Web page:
Conspiracy 365: January is the first in a 12 book series by Gabrielle Lord. On December 31st, Callum Ormund is confronted by a crazy man walking up his street. The man warns him about The Ormund Singularity, that “they” killed Callum’s dad and will come after him in the next 365 days. The crazy man is hauled away by paramedics without answering Callum’s questions. Callum has no idea what the man might have been talking about. He realizes he needs to figure it out after he almost dies that night when his boat is sabotaged. His shady uncle seems to somehow be involved, so he needs to be secretive. Callum is able to dig up some clues left by his dad with the help of his best friend Boges, but soon he is wanted for attempted murder – a crime he did not commit. He has to figure out who is after him, what the “Ormund Singularity” is, find a way to prove his innocence before he is arrested, and stay alive for another 11 months.
This is great idea for a series! A new book is scheduled for release every month this year. The month-named titles will prevent any confusion about what order in which they should be read.
It is a fast, plot-driven read that I think will appeal particularly to younger teen and pre-teen boys. The cover of the book lets you know that you are in for an action movie in book form. Set in Australia, there isn’t too much that would confuse an American reader, but it is never clearly stated that Callum is in Australia, at least as far as I remember. I do wonder if it could feel just a little weird to a reader who is not aware of this. For example, one might mistake the setting of Richmond for the capital of Virginia and wonder why it is warm in January. While there isn’t much character development done up front, the reader does get to know Callum and his family as the story progresses. Not a thing is resolved by the end of the book, but knowing there are 11 books to come in the next year, it won’t leave a reader hanging as much as a regular series would.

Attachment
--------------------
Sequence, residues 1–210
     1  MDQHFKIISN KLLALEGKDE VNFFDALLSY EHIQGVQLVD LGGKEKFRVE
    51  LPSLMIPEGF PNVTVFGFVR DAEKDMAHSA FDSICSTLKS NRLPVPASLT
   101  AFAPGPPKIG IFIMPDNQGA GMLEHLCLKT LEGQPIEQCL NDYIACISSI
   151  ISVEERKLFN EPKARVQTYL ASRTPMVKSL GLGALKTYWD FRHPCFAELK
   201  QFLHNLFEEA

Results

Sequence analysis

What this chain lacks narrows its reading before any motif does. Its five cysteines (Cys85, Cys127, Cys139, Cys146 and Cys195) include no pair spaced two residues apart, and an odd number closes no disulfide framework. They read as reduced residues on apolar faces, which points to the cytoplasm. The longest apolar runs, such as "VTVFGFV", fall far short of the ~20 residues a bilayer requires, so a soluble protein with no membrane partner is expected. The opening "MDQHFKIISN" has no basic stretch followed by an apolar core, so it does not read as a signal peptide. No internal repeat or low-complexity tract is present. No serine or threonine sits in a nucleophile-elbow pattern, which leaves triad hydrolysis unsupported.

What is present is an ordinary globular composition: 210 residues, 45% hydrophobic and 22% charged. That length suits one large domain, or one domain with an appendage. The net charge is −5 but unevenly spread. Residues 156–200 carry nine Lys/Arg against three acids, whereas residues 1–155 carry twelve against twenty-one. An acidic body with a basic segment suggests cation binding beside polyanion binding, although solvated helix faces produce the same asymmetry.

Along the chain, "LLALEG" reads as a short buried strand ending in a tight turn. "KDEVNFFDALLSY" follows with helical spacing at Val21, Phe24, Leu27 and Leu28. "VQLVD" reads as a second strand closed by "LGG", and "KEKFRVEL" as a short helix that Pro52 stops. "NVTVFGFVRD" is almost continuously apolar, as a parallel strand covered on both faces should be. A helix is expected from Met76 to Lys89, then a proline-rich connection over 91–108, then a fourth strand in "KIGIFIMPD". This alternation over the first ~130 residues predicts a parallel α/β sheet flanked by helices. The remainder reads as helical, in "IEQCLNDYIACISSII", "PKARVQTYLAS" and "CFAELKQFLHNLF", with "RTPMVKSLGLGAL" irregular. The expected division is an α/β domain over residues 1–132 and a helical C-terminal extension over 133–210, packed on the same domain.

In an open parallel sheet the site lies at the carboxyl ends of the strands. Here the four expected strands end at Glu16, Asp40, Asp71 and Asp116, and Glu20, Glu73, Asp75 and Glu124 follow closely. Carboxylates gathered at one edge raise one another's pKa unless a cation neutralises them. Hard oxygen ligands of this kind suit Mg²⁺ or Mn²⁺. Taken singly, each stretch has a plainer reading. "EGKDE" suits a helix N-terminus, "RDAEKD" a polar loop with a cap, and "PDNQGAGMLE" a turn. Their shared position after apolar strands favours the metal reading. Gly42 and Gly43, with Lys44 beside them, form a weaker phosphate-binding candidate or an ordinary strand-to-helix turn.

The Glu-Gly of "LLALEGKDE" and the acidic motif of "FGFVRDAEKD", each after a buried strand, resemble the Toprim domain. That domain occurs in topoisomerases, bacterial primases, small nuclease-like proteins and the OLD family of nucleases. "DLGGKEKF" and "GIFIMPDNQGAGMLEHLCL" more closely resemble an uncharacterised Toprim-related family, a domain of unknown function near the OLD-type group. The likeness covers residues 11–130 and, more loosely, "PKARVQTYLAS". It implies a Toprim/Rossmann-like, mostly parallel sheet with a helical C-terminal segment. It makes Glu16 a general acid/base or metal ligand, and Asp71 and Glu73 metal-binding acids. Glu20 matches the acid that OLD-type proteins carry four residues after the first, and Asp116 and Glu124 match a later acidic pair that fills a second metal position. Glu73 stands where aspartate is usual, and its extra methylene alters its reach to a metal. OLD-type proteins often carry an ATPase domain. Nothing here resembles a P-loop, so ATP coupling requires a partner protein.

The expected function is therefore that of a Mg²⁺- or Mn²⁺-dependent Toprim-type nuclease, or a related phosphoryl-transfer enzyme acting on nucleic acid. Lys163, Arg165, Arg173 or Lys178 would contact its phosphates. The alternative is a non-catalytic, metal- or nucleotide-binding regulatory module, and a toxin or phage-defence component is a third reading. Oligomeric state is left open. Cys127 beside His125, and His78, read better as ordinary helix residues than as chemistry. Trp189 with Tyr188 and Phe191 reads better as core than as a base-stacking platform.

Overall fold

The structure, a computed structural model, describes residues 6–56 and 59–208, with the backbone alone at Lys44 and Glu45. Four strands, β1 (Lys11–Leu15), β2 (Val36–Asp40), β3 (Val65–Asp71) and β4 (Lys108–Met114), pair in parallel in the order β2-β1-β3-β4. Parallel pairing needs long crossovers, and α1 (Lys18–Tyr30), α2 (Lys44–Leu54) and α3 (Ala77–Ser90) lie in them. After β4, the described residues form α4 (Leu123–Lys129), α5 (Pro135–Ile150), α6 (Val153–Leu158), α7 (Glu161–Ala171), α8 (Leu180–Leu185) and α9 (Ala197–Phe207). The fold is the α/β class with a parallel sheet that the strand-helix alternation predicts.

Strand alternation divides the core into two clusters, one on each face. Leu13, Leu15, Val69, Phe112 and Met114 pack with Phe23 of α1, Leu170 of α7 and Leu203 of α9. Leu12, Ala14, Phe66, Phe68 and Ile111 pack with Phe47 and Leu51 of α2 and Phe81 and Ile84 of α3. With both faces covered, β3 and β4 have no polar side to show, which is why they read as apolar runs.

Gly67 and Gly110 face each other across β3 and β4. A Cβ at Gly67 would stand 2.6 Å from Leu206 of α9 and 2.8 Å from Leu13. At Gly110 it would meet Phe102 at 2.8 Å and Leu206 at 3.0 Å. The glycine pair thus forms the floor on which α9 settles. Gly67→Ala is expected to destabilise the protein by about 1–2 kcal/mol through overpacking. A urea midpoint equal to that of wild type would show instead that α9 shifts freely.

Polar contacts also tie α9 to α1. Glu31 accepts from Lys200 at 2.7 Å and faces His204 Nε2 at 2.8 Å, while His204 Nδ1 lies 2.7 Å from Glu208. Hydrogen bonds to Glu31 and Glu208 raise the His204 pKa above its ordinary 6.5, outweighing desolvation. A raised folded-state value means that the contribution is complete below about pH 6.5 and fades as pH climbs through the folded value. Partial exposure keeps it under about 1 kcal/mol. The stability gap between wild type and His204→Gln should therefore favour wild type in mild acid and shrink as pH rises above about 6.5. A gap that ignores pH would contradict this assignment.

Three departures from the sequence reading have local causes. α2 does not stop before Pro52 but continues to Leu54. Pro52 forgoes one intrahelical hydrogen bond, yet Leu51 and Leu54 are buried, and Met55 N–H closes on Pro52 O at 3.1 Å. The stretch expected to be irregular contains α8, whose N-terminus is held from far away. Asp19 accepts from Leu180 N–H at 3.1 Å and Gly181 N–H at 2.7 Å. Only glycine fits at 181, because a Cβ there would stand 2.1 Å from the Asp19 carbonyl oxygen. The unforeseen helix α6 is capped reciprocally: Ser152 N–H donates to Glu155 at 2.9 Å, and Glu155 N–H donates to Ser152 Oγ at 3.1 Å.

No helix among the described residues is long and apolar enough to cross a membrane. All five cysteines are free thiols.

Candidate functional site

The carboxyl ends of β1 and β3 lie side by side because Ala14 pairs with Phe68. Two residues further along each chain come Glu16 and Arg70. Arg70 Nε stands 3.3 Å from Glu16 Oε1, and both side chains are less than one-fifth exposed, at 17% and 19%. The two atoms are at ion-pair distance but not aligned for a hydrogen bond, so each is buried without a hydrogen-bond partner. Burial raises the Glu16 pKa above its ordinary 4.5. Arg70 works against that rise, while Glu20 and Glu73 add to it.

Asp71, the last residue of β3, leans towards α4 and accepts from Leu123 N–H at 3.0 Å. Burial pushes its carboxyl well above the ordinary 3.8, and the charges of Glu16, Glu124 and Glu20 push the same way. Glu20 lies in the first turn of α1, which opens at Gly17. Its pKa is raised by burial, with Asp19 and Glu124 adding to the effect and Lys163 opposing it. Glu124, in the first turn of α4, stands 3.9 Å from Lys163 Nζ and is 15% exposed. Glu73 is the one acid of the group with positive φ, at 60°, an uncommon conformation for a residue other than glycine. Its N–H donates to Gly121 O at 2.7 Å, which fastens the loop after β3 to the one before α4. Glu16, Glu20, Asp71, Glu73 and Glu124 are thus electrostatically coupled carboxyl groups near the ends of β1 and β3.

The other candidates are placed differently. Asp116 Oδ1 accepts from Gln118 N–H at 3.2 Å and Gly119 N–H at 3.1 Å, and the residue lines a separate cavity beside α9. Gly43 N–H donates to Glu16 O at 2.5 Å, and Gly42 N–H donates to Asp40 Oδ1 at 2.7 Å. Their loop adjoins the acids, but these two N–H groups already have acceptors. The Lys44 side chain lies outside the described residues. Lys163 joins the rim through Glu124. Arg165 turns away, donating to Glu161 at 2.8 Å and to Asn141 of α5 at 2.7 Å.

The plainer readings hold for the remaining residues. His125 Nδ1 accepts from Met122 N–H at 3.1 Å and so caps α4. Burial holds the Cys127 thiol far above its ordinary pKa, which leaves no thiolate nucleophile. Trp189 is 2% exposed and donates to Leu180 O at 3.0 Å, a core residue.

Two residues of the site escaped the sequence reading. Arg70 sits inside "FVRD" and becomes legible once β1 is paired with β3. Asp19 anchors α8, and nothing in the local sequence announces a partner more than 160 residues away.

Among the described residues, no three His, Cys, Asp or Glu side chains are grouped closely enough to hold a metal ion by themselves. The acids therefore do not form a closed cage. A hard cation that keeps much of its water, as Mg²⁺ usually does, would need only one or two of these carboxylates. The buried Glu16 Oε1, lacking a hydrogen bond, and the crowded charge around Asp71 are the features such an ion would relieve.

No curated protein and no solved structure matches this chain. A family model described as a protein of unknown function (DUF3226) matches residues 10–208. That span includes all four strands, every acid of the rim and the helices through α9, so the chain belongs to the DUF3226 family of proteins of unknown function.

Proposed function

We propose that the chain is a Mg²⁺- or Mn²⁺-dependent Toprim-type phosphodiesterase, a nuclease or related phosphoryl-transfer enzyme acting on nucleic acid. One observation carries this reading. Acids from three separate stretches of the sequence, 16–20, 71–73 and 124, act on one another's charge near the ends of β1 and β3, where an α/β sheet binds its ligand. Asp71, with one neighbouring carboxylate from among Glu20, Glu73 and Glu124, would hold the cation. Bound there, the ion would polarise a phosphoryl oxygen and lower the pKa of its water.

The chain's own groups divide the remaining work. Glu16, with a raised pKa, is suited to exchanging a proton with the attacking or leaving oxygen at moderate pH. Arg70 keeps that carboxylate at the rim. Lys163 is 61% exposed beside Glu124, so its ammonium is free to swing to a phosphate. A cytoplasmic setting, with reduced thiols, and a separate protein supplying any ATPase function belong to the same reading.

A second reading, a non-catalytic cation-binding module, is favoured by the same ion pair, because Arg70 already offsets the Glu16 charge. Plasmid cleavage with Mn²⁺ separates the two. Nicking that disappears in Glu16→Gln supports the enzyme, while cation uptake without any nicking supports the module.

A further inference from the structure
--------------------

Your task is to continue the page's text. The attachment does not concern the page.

The chapters are time stamped, and while I understand the desire to break the book up in to short sections for reluctant readers, it seems unnecessary when a new chapter starts a few minutes after the last one and nothing has changed or happened to necessitate a new chapter. The page numbers count down, instead of up. It is a fun thing to notice, but I don’t really get the point of it. I think a better gimmick would have been to have the page numbers in each book pick up where the previous one left off.
Personally, I did not love it enough to read further in the series, but I plan to get them all for my school library.
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